Early literacy is a topic the state Senate Education Committee wants to improve in the First State.
The committee heard from experts on the topic Monday.
They told the committee you can’t assume teachers possess the knowledge to enact evidence-aligned reading instruction, and it’s not their fault.
Laura Stewart is with the nonprofit The Reading League. She says part of properly teaching reading is the simple view of reading.
She argues it’s a big picture model that sees both aspects of reading, decoding and language, as equally important in making sense of text.
Stewart also says there are also three big ideas when it comes to teaching reading.
"The first big idea is based on this misconception that reading is somehow a naturally occurring process, but indeed we know it is not and instruction really counts," said Stewart. "The second big idea is this convergence of evidence, this is our guiding light, and the third most exciting idea is this promise with research-based instructional we can deliver on his promise of virtually literacy for all."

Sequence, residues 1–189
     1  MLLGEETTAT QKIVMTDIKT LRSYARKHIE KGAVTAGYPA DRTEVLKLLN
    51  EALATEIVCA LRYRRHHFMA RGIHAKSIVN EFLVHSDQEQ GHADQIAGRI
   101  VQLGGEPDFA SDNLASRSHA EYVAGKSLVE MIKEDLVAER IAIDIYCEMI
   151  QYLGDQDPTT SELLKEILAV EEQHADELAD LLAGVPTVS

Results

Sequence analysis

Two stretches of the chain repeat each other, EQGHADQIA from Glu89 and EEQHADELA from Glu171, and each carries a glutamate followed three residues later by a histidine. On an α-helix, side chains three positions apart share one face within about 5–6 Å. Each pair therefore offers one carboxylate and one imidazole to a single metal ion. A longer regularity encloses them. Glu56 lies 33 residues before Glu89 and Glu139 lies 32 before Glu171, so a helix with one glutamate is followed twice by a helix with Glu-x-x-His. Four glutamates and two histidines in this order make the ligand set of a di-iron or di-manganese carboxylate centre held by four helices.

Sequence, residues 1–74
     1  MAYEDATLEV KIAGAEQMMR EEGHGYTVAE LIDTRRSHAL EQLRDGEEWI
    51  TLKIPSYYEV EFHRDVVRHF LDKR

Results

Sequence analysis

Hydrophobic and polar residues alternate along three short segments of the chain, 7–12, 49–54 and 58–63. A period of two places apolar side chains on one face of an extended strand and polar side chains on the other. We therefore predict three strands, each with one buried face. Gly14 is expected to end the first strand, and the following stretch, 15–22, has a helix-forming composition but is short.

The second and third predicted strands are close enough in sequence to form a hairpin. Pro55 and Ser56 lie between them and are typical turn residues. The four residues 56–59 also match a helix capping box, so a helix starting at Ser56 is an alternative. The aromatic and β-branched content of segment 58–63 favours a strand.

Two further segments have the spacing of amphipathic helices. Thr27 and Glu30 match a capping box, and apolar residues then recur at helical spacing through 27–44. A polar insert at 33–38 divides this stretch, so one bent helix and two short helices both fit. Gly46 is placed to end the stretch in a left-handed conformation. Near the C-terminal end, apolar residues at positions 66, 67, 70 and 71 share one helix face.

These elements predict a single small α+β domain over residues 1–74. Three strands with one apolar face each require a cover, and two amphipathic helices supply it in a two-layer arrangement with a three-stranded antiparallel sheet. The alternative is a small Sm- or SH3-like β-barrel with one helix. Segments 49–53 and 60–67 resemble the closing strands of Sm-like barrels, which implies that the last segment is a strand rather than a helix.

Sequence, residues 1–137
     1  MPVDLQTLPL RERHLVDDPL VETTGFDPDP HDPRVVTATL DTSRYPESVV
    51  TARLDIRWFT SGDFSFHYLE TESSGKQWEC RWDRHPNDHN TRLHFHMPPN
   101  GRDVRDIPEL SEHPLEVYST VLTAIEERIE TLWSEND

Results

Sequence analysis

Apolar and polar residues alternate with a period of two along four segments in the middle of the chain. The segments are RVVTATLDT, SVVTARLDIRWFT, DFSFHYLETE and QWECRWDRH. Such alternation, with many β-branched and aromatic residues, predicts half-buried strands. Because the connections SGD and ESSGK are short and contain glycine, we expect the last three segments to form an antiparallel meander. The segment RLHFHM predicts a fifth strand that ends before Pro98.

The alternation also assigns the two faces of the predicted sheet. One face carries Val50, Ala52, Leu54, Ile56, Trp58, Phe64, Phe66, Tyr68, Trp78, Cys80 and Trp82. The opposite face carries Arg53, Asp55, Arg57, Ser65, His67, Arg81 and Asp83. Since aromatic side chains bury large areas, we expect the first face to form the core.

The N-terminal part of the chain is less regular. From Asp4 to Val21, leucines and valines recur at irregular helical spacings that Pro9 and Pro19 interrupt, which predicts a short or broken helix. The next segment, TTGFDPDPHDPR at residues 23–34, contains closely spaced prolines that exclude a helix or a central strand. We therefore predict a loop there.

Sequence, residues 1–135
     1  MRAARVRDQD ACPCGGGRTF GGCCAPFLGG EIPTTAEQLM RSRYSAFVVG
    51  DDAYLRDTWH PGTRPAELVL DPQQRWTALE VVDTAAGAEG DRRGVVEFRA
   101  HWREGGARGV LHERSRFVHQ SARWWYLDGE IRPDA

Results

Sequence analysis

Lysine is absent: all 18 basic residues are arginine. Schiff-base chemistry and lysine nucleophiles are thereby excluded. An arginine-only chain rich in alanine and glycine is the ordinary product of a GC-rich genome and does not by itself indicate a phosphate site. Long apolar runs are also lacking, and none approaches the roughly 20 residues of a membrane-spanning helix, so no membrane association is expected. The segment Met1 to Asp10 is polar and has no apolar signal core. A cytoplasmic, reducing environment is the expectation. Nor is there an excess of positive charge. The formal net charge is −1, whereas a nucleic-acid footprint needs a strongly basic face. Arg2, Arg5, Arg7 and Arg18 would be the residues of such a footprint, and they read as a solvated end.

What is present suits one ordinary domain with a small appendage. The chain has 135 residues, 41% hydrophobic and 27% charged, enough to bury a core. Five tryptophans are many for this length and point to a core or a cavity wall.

Committee chair Laura Sturgeon (D-Brandywine West) says she’s drafting legislation that focuses on three ways to help teachers are better equipped to tackle early literacy.
"Making sure that in Delaware our higher ed's that teach teachers especially elementary teachers and special ed teachers in particular making sure they are teaching correctly and then we're looking at professional development for teachers who are already in the field," said Sturgeon. "We are also looking at the possibility of an assessment that those teachers coming from other states could take to demonstrate that they know how to teach reading according to the science."
The experts say that science is a vast, interdisciplinary body of scientifically based research about reading and issues related to reading and writing.